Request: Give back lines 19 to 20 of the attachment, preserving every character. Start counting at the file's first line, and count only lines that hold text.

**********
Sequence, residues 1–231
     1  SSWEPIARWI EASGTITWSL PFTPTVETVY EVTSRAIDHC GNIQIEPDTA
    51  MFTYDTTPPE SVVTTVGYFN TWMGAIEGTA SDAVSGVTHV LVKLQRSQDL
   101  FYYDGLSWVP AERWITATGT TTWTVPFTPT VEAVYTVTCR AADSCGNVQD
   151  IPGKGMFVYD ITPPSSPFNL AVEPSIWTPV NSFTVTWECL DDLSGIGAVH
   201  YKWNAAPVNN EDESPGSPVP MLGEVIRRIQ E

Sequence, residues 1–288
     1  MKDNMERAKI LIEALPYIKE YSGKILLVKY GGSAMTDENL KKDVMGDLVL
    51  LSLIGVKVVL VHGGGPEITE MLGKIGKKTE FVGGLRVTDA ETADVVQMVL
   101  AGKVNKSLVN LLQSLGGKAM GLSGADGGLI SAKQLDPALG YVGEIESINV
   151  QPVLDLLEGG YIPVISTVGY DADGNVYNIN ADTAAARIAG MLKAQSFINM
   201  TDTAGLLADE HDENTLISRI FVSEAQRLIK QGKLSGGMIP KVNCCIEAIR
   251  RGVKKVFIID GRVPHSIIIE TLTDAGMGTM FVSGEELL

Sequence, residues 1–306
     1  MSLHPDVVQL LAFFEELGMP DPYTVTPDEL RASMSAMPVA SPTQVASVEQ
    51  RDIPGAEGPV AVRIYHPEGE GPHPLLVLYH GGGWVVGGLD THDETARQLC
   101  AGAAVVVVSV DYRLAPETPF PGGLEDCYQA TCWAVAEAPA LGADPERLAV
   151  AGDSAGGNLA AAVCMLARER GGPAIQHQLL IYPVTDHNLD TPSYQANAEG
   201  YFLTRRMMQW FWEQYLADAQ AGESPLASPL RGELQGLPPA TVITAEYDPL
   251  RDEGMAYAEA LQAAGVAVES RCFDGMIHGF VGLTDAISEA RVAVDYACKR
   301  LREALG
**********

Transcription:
   201  YFLTRRMMQW FWEQYLADAQ AGESPLASPL RGELQGLPPA TVITAEYDPL
   251  RDEGMAYAEA LQAAGVAVES RCFDGMIHGF VGLTDAISEA RVAVDYACKR